Vulnerability testing specialists reported the emergence of a new malware variant capable of removing firmware from Internet of Things (IoT) devices. This outbreak reminds experts the malware variant known as BirckerBot, which destroyed millions of IoT devices a couple of years ago.
This new malware variant, called Silex, was detected during the early hours of this Tuesday, so it has just over an active day. The malware has already blocked nearly 500 IoT devices at the time of detection, increasing the number of infections to more than 2,000 just a couple of hours later.
The malware remains active and, as the alleged silex developer has stated, the infections will increase considerably over the next few days. Akamai’s vulnerability testing experts claim that Silex destroys IoT device storage, removes network configurations, and eventually freezes the device.
In case of infection, the only way victims can recover from this infection is by reinstalling the device firmware manually, too complex work for a user without the required knowledge.
Chances are that victims won’t even contemplate the possibility that failures on their devices are due to a malware infection and attribute disruption of their services to hardware errors.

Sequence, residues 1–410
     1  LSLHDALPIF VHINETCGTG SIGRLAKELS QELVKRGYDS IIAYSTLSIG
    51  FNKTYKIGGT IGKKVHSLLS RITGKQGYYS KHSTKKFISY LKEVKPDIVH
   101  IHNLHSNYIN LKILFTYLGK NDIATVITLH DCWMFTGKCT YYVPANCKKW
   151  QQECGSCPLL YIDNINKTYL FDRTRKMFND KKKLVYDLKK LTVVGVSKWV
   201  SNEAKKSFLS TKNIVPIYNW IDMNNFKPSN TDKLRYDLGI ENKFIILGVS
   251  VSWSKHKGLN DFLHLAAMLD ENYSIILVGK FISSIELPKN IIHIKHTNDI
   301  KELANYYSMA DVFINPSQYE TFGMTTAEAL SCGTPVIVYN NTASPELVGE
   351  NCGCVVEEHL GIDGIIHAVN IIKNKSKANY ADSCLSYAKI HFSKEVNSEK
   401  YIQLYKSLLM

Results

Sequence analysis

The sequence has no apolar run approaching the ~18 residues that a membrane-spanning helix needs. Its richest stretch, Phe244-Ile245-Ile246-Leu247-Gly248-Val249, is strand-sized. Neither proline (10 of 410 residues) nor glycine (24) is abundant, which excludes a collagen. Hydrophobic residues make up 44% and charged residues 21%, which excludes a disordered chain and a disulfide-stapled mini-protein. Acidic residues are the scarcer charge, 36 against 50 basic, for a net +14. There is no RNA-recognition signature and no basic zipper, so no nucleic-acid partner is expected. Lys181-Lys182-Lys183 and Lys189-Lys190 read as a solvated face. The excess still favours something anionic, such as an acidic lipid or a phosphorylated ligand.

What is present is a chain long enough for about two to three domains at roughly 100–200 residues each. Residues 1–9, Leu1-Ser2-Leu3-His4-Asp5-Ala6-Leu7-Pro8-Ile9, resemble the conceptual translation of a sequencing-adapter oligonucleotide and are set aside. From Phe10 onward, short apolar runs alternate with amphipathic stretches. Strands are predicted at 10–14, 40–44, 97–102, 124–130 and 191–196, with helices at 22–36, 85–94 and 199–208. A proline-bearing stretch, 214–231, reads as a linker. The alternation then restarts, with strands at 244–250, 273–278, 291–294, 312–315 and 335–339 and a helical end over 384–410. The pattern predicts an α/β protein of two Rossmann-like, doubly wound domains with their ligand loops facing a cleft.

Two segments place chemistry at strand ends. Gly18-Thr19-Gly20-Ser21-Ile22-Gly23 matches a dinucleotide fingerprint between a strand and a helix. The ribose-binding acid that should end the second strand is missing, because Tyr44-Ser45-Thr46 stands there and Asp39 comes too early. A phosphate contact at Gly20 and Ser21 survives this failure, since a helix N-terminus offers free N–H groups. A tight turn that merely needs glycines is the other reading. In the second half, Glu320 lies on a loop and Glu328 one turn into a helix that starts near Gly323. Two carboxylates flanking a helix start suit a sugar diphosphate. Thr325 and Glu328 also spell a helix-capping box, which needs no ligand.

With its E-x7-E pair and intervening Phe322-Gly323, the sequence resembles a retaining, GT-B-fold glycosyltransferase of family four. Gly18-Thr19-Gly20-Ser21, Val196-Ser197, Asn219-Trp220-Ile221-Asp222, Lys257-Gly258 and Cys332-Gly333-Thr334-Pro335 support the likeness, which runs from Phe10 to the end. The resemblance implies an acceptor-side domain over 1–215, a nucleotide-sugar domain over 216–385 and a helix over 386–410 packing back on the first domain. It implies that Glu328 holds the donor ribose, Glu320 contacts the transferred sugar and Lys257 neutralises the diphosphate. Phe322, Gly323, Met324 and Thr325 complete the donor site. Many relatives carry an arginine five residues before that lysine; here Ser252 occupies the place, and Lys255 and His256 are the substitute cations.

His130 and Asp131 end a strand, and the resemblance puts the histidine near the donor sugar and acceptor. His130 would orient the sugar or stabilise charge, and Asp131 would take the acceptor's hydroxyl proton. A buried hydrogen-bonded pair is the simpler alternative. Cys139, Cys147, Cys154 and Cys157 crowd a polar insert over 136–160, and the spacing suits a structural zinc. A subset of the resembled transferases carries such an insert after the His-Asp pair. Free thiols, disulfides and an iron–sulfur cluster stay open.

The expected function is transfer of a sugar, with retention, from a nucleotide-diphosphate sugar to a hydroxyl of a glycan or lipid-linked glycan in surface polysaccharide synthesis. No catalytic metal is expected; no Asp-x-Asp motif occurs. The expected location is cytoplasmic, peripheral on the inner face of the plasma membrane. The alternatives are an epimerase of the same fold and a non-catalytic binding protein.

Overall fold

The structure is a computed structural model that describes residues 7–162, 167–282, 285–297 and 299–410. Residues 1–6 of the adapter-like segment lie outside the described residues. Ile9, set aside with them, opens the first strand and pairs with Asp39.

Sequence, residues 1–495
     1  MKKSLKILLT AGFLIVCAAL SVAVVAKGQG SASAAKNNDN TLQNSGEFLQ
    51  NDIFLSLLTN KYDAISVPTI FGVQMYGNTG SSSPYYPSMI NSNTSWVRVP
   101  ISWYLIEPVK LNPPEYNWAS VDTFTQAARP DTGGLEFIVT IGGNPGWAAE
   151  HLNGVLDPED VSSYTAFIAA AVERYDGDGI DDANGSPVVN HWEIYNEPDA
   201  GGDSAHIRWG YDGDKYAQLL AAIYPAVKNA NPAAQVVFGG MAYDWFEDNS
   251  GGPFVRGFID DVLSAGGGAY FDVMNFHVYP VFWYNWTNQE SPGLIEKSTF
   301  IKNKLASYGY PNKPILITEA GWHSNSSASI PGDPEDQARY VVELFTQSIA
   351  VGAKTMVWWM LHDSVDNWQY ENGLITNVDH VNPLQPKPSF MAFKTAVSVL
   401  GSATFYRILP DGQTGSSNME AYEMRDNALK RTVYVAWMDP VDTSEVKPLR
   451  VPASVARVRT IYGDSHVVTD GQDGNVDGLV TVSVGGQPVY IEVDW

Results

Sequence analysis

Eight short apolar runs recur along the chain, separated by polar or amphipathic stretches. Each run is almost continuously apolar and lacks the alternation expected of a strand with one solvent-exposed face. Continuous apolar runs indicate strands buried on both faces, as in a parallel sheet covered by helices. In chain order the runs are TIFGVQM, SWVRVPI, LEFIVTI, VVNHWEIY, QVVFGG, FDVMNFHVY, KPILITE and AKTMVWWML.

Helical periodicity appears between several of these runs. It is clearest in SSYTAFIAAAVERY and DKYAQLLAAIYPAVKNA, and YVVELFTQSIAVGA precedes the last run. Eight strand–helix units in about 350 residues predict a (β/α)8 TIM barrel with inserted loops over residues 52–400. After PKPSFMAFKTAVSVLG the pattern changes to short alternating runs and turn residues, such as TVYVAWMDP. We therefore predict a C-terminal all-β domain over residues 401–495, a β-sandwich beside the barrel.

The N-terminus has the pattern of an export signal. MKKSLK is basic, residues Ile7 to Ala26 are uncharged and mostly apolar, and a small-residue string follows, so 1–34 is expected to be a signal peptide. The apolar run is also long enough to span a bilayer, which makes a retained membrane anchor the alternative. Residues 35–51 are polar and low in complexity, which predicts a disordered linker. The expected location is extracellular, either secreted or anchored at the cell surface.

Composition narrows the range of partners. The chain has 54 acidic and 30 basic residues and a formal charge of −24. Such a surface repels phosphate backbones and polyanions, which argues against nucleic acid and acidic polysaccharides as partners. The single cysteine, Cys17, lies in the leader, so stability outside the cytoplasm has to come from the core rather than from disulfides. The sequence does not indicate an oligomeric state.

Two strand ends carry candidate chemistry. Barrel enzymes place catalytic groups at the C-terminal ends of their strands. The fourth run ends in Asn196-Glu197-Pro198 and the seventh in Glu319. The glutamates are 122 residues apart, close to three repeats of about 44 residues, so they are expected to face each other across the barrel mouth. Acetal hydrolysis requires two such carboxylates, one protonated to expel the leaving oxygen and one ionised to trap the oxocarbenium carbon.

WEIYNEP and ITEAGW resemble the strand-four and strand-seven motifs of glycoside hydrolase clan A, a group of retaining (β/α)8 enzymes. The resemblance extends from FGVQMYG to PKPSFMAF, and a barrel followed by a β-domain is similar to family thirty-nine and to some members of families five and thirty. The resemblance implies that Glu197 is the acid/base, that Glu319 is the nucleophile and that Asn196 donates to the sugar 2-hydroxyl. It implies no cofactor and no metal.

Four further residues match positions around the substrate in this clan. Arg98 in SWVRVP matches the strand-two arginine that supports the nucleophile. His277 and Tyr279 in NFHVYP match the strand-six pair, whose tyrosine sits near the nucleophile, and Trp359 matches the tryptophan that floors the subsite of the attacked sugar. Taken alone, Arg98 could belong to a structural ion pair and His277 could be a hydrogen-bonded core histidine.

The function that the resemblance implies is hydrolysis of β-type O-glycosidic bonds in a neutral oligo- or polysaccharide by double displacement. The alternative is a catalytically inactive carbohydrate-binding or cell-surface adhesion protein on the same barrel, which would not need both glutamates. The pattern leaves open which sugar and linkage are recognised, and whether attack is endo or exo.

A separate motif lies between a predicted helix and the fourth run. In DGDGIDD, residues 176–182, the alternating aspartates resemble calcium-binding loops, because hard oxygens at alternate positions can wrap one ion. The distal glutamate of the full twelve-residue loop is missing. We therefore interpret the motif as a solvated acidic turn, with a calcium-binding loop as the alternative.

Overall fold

Vulnerability testing experts mention that this malware uses the default credentials to access devices and destroy firmware, overwriting any mounted storage it encounters with random data.
Specialists from the International Institute of Cyber Security (IICS) mention that the malware author’s server was detected in Iran. The alleged perpetrator of the malware, a 14-year-old who operates under the pseudonym Light Leon, was contacted by some experts. The hacker acknowledged being the author of Silex, and claimed to have developed a botnet known as HITO IoT a couple of months ago. Some experts even fear that these attacks are part of the cyber war between the United States and some territories in the Middle East.
He is a well-known expert in mobile security and malware analysis. He studied Computer Science at NYU and started working as a cyber security analyst in 2003. He is actively working as an anti-malware expert. He also worked for security companies like Kaspersky Lab. His everyday job includes researching about new malware and cyber security incidents. Also he has deep level of knowledge in mobile security and mobile vulnerabilities.